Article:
The accumulation of TAG in vegetative tissues is commonly associated with a decrease of size of the engineered plants in this and former studies and in tobacco (Vanhercke et al., 2017) and in sugarcane (Zale et al., 2016). The decrease in size associated with sucrose phloem loading in suc2 is particularly severe, and we previously reported that it can be partially mitigated by increasing growth of both shoots and roots by combining with adg1 (Zhai et al., 2017b), which blocks starch synthesis thereby increasing sugar levels and stimulating TAG accumulation by the mechanisms described above. The incremental increase in size in suc2 adg1 was attributed to elevated sugar levels that drove both FA synthesis and increased passive outward sugar leakage into the phloem and its subsequent transport to growing roots and shoots fueling increased growth and development. The further incremental increase in plant size and root length seen for suc2 adg1 tmt1 tmt2 SUC4 relative to suc2 adg1 in this study likely reflects an additional increase in the levels of cytoplasmic sugars at the expense of vacuolar sugars resulting from the suppression of TMT1 and TMT2 and overexpressing SUC4. Recently, Beechey-Gradwell et al. demonstrated that enhanced accumulation of leaf lipid in ryegrass also increases photosynthesis rates and biomass (Beechey-Gradwell et al., 2020). Higher lipid accumulation and fatty acid synthesis rate in suc2 adg1 tmt1 tmt2 SUT4 may also contribute to its size increase.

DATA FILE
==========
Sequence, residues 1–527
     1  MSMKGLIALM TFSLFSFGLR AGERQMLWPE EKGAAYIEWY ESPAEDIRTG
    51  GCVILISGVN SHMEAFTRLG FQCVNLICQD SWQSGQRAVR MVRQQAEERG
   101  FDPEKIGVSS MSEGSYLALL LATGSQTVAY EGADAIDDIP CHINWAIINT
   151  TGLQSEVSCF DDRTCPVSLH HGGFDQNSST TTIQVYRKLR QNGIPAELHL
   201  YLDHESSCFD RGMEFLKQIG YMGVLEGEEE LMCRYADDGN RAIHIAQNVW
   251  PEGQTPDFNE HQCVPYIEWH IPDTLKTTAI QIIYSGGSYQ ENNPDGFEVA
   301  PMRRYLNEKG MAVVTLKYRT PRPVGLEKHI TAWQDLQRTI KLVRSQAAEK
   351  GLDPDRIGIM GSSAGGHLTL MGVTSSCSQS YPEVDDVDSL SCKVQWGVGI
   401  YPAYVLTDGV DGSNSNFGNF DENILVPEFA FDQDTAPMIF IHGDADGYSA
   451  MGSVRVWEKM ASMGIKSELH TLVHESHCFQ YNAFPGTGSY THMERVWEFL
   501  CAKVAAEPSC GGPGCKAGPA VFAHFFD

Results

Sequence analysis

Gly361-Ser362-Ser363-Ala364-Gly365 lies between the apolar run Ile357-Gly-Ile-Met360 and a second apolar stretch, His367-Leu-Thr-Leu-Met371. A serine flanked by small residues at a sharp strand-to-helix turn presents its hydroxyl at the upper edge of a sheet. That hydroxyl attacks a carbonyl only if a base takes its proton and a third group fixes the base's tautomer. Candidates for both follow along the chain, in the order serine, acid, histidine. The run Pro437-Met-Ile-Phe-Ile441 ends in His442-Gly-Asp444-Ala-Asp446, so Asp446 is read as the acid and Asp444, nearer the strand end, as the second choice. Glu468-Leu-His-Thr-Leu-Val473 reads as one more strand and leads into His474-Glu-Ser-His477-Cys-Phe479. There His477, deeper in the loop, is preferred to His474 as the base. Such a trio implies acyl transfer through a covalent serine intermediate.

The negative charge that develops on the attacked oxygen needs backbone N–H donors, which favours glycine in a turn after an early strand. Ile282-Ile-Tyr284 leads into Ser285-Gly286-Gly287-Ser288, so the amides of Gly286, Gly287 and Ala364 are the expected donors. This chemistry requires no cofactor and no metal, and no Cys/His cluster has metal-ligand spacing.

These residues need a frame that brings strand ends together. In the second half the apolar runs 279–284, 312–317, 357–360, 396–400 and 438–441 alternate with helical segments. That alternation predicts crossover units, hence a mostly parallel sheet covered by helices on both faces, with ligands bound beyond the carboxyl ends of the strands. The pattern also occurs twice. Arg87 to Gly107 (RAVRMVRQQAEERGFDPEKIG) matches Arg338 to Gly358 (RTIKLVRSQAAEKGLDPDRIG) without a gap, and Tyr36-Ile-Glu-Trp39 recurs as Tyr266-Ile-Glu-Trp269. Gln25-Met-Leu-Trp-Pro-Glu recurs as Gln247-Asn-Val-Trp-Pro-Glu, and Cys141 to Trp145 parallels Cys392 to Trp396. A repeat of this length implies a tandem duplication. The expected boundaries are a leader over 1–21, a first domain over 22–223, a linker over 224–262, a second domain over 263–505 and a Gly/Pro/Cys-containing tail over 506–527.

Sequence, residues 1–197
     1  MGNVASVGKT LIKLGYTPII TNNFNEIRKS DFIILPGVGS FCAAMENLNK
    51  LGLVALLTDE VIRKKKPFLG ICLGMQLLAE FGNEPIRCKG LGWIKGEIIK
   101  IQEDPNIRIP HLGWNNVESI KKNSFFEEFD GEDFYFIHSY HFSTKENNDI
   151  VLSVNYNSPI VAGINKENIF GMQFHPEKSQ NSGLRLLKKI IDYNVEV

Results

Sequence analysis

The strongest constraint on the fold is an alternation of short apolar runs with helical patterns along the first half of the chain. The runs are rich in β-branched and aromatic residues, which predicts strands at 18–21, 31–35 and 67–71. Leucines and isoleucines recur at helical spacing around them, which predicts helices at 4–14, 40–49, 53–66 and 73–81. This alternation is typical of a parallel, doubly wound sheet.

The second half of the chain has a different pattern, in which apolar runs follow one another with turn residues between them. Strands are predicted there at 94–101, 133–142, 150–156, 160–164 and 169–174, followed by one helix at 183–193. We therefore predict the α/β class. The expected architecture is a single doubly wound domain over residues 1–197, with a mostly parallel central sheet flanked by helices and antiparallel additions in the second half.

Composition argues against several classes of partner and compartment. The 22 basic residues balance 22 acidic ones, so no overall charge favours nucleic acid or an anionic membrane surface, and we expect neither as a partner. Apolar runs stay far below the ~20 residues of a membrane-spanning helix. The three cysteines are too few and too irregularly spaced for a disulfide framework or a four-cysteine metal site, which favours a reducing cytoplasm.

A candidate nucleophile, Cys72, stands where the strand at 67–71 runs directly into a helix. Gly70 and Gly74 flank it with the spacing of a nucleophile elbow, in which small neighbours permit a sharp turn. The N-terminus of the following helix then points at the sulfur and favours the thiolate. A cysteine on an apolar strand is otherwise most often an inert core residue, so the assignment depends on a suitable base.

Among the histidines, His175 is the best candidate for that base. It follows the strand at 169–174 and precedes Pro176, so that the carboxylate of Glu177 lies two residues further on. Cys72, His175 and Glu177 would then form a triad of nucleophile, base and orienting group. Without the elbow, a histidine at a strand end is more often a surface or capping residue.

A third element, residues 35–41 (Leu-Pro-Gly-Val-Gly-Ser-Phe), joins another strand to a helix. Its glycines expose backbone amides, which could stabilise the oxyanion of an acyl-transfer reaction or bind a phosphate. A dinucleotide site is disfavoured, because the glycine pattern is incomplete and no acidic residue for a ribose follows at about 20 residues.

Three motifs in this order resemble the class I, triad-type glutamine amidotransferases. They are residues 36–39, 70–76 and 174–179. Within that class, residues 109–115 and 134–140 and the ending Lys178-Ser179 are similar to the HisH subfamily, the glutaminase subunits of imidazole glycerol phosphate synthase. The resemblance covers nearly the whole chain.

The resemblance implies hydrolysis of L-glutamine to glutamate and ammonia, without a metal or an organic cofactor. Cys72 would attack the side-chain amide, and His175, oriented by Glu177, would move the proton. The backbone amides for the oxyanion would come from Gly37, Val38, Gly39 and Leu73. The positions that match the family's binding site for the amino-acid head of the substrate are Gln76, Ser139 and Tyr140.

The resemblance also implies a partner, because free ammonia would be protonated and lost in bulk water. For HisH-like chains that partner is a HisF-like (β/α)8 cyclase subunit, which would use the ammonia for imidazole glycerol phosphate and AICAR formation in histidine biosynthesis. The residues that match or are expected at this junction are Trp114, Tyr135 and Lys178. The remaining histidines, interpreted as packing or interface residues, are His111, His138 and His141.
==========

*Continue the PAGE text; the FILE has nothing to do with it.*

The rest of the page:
An interesting aspect of this study was that polyunsaturated fatty acids were significantly elevated in suc2 adg1 and suc2 adg1 tmt1 tmt2 overexpressing SUC4, suggesting upregulation of the oleate desaturase FAD2. We previously demonstrated that the elevated sugar levels in suc2 adg1 result in the stabilization and accumulation of WRI1 by inhibiting SnRK1-dependent phosphorylation of WRI1 (Zhai et al., 2017a). A recent developmental study of Prunus sibirica, a novel woody biodiesel feedstock, demonstrated the coregulation of WRI1 and FAD2 (Deng et al., 2019). In Arabidopsis, WRI1 was reported to directly bind to a site upstream of the FAD2 open reading frame (Kim et al., 2016). Together these observations present a possible link between the elevated levels of sugar and increase in polyunsaturated fatty acids observed in this study.